Baguio market going, gone
In a few years, months, days or so, the “old” Baguio market, which we homegrown kids knew, would be extinct like a dinosaur to give way to a mostrosity of modern times – a mall.
It appears that the market’s rehabilitation and modernization is moving forward as SM Prime Holdings was awarded the original proponent status (OPS) last week.
As kids, the market was one of our favorite playgrounds while waiting for my late father Art to finish work at the old Pines Theater. When he needed to smoke his Salem stateside cigarettes, he would buy it himself or send us to the PX section where the Panglao, Sumali, Cunanan, Valeriano, Calara, and other families ruled. There, one could buy Kisses, Muskeeters, Milky Way, and other imported chocolates made in the land of the milk and honey.
For viand and other basic food, there was the wet and dry section, where manong Lalong, the Diomampos, and mang Mulong Brilliantes sold fish and its by-products.
There were stalls for clothing, household goods, strawberry jam, and even souvenirs of the Culatons.
Vegetables were aplenty at the hangar market and at Block 4.
The Hilltop section was clean and orderly, vendors disciplined. Everyone was familiar with each other and all elders were addressed “uncle” or “aunty” by us kids.
The carinderia section atop the fish and meat sections was the best place to eat porkchops and that’s where King Art took me and my brother Eric for brunch or lunch.
Speaking of the meat section, there was the Arellano Meat Shop (Morlous) and later on those of Alabanza, Sembrano, and even the Alvars.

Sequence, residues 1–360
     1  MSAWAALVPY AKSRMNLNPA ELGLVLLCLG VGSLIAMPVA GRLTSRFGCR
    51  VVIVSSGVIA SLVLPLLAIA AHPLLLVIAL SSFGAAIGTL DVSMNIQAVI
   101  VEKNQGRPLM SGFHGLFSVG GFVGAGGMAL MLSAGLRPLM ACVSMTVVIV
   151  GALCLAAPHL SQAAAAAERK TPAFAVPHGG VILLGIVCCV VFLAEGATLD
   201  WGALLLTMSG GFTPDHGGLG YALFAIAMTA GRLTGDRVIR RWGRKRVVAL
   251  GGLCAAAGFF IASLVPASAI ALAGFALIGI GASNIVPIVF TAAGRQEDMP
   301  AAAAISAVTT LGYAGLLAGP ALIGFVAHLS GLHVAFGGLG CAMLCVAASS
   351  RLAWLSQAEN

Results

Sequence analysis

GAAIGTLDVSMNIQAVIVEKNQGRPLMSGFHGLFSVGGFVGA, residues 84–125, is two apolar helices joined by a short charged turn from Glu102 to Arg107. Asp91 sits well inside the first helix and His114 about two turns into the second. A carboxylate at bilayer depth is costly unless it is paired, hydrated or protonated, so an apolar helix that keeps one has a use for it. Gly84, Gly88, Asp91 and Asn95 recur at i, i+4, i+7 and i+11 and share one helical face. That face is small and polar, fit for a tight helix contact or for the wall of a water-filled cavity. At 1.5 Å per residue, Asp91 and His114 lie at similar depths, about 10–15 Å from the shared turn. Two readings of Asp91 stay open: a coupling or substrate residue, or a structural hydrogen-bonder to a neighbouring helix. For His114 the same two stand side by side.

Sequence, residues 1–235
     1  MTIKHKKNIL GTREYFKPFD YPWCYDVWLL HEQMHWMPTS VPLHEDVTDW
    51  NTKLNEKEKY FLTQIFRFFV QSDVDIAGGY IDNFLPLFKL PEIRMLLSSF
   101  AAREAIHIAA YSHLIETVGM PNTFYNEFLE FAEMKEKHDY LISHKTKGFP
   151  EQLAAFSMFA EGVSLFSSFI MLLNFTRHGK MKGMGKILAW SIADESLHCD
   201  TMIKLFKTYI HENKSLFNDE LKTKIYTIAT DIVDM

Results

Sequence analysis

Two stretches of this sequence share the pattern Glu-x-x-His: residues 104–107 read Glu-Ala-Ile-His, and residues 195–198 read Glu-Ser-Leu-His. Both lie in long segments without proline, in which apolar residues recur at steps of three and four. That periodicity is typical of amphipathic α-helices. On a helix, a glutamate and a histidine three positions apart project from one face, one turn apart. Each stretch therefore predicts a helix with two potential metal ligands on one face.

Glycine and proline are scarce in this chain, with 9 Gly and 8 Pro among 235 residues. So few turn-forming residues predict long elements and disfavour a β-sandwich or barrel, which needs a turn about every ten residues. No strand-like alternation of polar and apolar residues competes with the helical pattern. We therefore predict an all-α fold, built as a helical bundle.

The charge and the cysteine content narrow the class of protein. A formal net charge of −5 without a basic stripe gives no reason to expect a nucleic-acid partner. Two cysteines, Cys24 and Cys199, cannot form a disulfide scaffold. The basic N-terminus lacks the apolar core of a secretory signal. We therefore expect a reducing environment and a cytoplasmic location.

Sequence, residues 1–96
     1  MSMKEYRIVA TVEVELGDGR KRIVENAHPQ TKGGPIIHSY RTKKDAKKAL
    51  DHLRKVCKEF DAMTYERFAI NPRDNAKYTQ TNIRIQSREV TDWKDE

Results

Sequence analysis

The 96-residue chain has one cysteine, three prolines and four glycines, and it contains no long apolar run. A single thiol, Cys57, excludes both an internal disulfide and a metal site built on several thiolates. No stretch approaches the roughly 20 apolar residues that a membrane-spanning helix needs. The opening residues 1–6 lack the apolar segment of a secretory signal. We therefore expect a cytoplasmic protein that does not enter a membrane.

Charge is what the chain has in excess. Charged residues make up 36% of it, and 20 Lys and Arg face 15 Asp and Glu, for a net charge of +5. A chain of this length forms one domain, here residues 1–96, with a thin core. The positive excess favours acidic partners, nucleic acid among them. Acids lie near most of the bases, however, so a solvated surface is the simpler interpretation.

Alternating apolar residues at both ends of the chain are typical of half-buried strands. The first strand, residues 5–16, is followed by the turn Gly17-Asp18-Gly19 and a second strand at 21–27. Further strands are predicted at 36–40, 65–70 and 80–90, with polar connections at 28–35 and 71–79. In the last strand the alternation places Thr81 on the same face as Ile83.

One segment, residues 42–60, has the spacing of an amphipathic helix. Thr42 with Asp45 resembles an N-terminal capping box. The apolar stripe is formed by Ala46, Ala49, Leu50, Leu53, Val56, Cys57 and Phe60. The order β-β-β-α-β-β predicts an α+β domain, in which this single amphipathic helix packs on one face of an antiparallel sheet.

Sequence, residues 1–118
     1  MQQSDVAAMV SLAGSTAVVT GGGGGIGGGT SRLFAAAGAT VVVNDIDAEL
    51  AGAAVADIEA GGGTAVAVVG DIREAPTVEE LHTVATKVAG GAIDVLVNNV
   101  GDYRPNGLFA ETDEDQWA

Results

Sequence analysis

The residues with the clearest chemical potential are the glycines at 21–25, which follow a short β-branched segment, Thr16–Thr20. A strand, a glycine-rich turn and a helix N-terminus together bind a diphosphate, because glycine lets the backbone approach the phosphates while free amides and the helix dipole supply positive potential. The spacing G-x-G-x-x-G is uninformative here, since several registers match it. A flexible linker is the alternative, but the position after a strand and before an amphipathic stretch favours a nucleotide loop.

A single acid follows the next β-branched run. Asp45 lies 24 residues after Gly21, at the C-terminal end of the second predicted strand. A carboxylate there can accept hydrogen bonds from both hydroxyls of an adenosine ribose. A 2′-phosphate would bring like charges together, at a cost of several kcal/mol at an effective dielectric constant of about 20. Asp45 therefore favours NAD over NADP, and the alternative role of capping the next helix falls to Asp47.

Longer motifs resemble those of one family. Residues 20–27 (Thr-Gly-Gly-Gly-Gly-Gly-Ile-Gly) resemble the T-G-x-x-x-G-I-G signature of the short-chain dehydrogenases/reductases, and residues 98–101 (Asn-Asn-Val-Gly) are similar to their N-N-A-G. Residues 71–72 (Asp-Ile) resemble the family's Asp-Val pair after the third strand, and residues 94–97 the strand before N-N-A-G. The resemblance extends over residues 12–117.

If one wanted cheap quality shoes of the Ang Tibay brand, go to Berting’s Shoe Store.
If you go farther, you would reach the lechon stalls and buy the favorite Filipino dish per kilo.
You wanted fruits or more veggies, go to ate Bebot (Cerezo), the Tolentino, Bernabe or Garcia fruit stands or that of the late Monica Ronquillo Ng (wife of Ng Pee and mother of Pemoel Ng).
Coffee of all kinds – Benguet, Kalinga were sold near the rice section – an area where one can buy quality rice depending on the budget for the day.
It was a good, old fashioned market, not really out of the ordinary. It worked as a “palengke” that it should be, smelled like one and even if the alleys looked like a jigsaw puzzle and a mystery to solve for visitors and first timers, it was the “Baguio people’s market.” The vendors were honest and did not put one over the buyers whether local or tourist. No daylight robbery here.
I remember the stone walls of the market.My grandfather who operated the first jeepneys in Trancoville said the walls survived the World War II bombing of friends and foes, Americans and Japanese. The stone section is where we bought Army surplus uniforms, leggings, leather jackets, canteens, mess kits and us naughty kids the two-bladed “balisong” which we tucked in our pants but never got to use, by the way. It survived the war and was repaired until a fire hit it in the 1970s.
I remember the fire and we gawked and watched as the helpless victims tried to retrieve as much as they can. Instead of repairing it to its original state, it was demolished and Mar-Bay Corp. came in and built what was intended as a commercial complex with the imprimatur of then First Lady Imelda Marcos who was minister of Human Settlements. The foundation was super strong and had engineering rollers underneath. It saved a lot of tenants during the 1990 earthquake. It ended up as a five-story center called Maharlika which of course is home to Musar for over two decades now.
Baguio was designed as a rest and recreation area by the Americans but since then it’s population grew and indeed comes a necessity for market development to improve spaces, the water, drainage, and waste disposal systems.
While giving up the vestiges of the city’s historically important structure may be a move which the God’s in the local government unit want, for the “real” people of Baguio who matter, it may not be what they want. There must be a better option, or other courses of action.
Back to wearing the fighting boots soon, I guess.
I go back to the old picture frames of the market we knew, see what is there to come. I silently weep in my mind without a whimper of a muffled sound, mourn the eventual end of an era. What has become of the market, the city? Sigh, cry.